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Keeping Up

Times are changing. Faster than ever, we're told. It seems that technology is continuing its ever accelerating pace with smart phones and social media being the current thing that's eating the world. What will be next? How will we learn to adjust? How can we hope to keep up with all the change happening around us?

As a software engineer, the world seems to be moving even faster with new languages and frameworks popping up every year to add to the hundreds already available. It's hard to even think about all of the open source plugins and libraries out there, especially for the more popular platforms on Ruby (Rails), Python (Django), PHP, C#, and Java. The count must be in the millions by now. The C# .NET framework and Java class libraries alone are too huge for any single developer to even hope to know what's all in them.

The Pace of Progress


What's a developer to do? How can we claim to be experts without knowing everything there is to know about our chosen profession? Of course, this is a fool's errand. No one can possibly know everything there is to know even about a small slice of our world. If you tried, you would spend all of your time studying the next thing to come out and the next thing and the next, and there would be no time leftover to actually get anything done.

So what about the other extreme? Could you learn just enough to get by and then stick with that knowledge for the rest of your career? Pick up some PHP, HTML, and CSS, and bang out websites for the rest of your days. Or learn some C and write embedded software until you retire. There are certainly people that do that, but it seems awfully risky to me. As the technologies move forward and get replaced, you'll be more and more likely to get replaced yourself, or at least look less and less productive as other developers pass you by with more efficient knowledge and skills.

In the decade since I finished college, I've seen C# replace C++ (and many other languages) on the Windows desktop as well as challenge Java in the enterprise space. Ruby on Rails shook the web development world and lead a revolution in web frameworks for most popular languages with the latest being Node.js for JavaScript. New and interesting languages designed to run on the JVM and CLR, like Clojure and Scala, have appeared and are looking promising. Agile methods rose to stardom, were taken over by money grubbing software consultants, and now the original creators are trying to recover Agile's essence and practical applicability.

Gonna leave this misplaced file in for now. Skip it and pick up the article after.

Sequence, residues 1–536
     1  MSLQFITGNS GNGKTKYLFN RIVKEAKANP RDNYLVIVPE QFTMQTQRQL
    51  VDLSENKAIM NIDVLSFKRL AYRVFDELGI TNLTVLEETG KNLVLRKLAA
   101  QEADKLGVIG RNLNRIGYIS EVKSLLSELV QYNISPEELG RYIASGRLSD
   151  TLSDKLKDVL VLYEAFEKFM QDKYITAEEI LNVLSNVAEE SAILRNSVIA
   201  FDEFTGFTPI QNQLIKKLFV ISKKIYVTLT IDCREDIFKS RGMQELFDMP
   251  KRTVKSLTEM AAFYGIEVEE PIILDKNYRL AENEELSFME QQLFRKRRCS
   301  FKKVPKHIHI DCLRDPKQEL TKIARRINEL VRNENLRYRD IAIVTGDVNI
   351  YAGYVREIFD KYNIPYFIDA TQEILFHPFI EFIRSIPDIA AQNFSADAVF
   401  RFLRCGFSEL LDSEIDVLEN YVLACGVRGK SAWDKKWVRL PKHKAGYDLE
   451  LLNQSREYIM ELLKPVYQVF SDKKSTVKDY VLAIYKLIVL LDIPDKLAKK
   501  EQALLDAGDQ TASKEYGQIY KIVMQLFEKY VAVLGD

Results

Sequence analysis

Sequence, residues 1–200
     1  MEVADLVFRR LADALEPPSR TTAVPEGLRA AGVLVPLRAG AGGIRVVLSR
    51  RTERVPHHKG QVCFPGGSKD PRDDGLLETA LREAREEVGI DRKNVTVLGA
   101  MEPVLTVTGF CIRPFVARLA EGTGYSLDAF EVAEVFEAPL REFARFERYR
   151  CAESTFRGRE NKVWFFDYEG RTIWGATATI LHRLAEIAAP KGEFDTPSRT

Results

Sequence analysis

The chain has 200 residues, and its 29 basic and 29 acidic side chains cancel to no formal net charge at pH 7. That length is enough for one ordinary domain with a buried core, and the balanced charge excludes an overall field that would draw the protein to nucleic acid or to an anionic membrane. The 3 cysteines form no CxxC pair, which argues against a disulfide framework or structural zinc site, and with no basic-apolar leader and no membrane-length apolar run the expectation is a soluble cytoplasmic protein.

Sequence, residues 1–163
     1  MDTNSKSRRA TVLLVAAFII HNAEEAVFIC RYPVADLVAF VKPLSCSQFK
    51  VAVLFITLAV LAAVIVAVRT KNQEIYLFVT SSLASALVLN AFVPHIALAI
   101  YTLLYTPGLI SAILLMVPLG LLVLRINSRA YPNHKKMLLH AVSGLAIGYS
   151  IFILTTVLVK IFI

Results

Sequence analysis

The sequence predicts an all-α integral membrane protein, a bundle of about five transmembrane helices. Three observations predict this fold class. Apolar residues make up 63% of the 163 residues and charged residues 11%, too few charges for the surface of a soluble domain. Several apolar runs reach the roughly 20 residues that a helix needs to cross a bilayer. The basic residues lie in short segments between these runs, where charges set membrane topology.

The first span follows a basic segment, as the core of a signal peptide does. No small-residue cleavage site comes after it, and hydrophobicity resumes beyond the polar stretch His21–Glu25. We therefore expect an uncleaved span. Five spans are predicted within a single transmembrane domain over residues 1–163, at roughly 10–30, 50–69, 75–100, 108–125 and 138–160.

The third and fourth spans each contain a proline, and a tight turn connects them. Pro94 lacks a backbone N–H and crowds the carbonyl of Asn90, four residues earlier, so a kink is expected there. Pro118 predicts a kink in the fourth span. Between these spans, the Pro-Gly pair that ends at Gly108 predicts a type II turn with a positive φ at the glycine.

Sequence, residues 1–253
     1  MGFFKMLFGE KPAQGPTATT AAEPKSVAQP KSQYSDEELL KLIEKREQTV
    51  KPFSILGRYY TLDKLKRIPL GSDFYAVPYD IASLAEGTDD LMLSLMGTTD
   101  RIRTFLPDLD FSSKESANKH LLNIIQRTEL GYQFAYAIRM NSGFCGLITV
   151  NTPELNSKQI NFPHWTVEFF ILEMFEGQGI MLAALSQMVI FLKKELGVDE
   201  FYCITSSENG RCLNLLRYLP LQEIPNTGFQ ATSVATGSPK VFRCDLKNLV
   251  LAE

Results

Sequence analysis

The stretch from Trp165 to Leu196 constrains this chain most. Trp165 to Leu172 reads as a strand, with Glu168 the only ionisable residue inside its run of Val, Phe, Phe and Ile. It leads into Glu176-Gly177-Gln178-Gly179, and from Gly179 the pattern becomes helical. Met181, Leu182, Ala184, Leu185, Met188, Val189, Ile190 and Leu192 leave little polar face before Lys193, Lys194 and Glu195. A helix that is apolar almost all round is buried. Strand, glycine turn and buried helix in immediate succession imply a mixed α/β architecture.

Those are only a few of the major changes that have happened in the last ten years, and the software industry is showing no signs of slowing down. Suffice it to say, letting your skills stagnate is not a good plan. There must be a happy medium between drowning in new technology and refusing to even get your feet wet. The trick is to figure out just how deep you can go so that you can swim at a smooth pace without getting exhausted.

Information Overload


Scott Berkun brought up an interesting theory about information that starts to get at what we're talking about here:
One popular theory about our universe is that there is a fixed amount of matter in it. All that changes over time is the state and position of particular atoms. ... The net information in the universe might be fixed.

...We are compulsive information hoarders. We still pretend information is scarce. It isn’t. It never was. Even if you limit it to human produced information, for the last few centuries if you could read and had a nearby library, you had several lifetimes of information available to you.
If we think about potential knowledge as a vast, effectively infinite sea of information, then we will never learn even a small part of it in our lifetimes. At first that may sound depressing, but really, it's liberating. You don't have to learn everything because it's impossible. If you try, you will most certainly fail! Once you accept that you won't ever know everything, it's much easier to see what you should learn.

Learn the stuff that matters to you and that interests you. Learn enough new stuff to keep being more productive, but also learn the right new stuff so that your newly developed skills don't become immediately obsolete. As an example, when Rails was first released in July of 2004, a lot of people thought it was hot and shiny and a great paradigm shift from how websites had previously been built. But it was changing fast. Today Rails is sitting at version 4.0.4, and it is a completely different animal than when it was released almost a decade ago.